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Turing Machines as Acceptors

Important!A Turing machine halts when it no longer has any available moves. If it halts in a final state, it accepts its input; otherwise, it rejects its input.

This is too easy, so let's repeat it in symbols:

A Turing Machine T = (Q, sigma, gamma, delta, q0, #, F) accepts a language L(M), where

L(M) = (w is a member of sigma+: q0w move zero or more times to xiqfxj
for some qf is a member of F, xi, xj is a member of gamma*}

(Notice that this definition assumes that the Turing machine starts with its tape head positioned on the leftmost symbol.)

Important!We said a Turing machine accepts its input if it halts in a final state. There are two ways this could fail to happen:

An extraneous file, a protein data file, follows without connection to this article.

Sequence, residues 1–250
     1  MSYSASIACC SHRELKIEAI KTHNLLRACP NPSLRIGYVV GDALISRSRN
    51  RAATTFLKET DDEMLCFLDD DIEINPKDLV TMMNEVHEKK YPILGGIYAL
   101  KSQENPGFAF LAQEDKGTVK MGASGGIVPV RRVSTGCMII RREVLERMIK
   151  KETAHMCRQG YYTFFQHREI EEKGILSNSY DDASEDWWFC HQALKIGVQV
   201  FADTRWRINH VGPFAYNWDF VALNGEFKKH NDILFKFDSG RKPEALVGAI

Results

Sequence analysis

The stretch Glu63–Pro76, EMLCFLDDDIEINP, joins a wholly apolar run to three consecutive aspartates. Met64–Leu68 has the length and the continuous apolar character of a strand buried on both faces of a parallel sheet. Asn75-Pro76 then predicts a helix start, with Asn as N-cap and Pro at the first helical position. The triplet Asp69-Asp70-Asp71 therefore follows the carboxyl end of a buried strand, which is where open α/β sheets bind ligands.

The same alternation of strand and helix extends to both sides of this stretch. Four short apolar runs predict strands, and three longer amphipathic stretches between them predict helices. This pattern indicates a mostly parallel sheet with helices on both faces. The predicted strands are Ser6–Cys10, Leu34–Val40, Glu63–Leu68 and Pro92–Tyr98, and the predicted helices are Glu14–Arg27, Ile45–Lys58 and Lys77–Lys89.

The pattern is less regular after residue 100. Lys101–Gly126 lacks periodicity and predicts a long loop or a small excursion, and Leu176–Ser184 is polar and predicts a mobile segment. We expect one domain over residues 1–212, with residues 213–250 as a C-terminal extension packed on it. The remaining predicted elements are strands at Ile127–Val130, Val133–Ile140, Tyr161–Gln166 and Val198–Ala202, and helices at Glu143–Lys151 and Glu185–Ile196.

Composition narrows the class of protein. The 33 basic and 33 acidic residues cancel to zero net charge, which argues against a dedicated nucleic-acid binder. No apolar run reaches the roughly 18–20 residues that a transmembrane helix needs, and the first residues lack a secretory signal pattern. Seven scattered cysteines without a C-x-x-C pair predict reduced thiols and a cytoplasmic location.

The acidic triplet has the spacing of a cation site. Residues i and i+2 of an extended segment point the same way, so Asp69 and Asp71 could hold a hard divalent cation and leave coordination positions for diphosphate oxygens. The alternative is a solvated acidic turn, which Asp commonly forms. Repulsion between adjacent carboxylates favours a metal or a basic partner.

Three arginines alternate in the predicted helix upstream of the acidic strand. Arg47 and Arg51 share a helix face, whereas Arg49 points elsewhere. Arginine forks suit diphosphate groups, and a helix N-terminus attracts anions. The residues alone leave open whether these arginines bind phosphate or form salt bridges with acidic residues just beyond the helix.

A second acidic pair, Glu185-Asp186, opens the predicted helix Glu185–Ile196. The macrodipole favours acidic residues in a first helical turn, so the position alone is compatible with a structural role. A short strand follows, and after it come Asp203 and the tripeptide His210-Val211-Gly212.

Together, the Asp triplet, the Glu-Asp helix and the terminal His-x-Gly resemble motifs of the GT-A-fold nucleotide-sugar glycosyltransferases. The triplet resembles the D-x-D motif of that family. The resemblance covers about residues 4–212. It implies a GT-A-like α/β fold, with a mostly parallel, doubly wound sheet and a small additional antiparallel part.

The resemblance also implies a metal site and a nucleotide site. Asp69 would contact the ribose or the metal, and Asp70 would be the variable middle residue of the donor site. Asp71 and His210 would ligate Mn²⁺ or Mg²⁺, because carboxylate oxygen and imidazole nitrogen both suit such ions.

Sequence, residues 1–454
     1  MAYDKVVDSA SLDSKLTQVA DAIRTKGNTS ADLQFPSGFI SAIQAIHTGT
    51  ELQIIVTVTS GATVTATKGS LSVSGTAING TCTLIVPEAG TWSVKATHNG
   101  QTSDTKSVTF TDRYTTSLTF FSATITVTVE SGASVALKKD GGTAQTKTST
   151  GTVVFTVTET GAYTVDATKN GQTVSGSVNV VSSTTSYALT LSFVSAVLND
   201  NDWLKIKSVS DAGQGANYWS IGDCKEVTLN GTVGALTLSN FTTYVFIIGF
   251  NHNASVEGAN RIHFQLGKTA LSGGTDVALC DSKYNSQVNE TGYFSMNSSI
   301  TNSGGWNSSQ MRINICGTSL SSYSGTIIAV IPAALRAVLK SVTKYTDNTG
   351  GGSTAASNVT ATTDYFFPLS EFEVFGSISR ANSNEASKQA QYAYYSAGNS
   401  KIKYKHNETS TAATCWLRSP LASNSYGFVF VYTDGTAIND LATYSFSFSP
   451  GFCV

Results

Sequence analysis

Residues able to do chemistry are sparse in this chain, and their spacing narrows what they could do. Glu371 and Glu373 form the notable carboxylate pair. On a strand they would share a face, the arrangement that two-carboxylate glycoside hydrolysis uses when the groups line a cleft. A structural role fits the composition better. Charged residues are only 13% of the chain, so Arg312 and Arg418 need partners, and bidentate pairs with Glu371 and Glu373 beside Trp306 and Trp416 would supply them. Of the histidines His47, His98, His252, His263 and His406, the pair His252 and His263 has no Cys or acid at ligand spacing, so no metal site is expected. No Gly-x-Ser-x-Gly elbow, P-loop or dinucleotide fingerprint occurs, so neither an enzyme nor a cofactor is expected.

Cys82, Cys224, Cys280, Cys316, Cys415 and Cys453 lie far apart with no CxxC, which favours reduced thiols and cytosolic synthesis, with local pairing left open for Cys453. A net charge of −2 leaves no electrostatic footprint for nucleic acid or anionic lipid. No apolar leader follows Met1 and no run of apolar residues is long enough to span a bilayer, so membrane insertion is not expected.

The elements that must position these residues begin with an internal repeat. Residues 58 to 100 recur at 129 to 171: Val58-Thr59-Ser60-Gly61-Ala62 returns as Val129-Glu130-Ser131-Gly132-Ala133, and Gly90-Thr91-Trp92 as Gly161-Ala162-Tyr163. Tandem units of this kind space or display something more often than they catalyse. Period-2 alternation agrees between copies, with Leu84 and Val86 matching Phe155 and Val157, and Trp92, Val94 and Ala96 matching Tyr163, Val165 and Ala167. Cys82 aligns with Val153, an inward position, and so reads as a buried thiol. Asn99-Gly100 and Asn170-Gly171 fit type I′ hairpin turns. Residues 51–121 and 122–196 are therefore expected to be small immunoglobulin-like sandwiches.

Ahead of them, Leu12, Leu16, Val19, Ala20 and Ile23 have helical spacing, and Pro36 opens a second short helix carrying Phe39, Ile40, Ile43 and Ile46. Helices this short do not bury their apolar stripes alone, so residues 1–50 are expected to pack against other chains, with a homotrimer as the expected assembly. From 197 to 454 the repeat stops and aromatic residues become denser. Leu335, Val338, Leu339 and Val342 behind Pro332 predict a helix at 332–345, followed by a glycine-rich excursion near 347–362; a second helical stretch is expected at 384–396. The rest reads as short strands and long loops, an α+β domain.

1. The Turing machine could halt in a nonfinal state, or
  2. The Turing machine could never stop (in which case we say it is in an infinite loop. )
If a Turing machine halts, the sequence of configurations leading to the halt state is called a computation.

Copyright 1996 by David Matuszek
Last modified Mar 25, 1996